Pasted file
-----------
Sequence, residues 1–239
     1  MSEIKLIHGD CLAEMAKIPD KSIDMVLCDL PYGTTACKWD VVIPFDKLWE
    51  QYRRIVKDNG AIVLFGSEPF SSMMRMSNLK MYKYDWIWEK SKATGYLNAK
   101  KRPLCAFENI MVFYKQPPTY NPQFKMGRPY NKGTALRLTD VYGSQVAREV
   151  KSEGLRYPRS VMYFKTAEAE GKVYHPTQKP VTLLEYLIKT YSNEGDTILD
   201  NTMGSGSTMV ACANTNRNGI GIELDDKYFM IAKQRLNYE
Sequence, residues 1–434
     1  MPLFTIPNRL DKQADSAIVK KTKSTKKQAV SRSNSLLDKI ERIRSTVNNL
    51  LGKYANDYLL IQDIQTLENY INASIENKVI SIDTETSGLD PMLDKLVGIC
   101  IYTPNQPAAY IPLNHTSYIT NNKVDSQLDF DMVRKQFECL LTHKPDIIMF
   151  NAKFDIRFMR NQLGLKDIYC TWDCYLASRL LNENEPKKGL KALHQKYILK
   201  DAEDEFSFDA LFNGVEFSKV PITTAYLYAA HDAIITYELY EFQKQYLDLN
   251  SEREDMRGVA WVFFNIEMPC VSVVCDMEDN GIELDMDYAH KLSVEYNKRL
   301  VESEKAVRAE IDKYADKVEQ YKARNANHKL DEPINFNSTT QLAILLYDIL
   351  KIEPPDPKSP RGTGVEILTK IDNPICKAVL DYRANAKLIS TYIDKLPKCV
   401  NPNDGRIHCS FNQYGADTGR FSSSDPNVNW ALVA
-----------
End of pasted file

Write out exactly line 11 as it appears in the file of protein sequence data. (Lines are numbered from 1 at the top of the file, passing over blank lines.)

   151  NAKFDIRFMR NQLGLKDIYC TWDCYLASRL LNENEPKKGL KALHQKYILK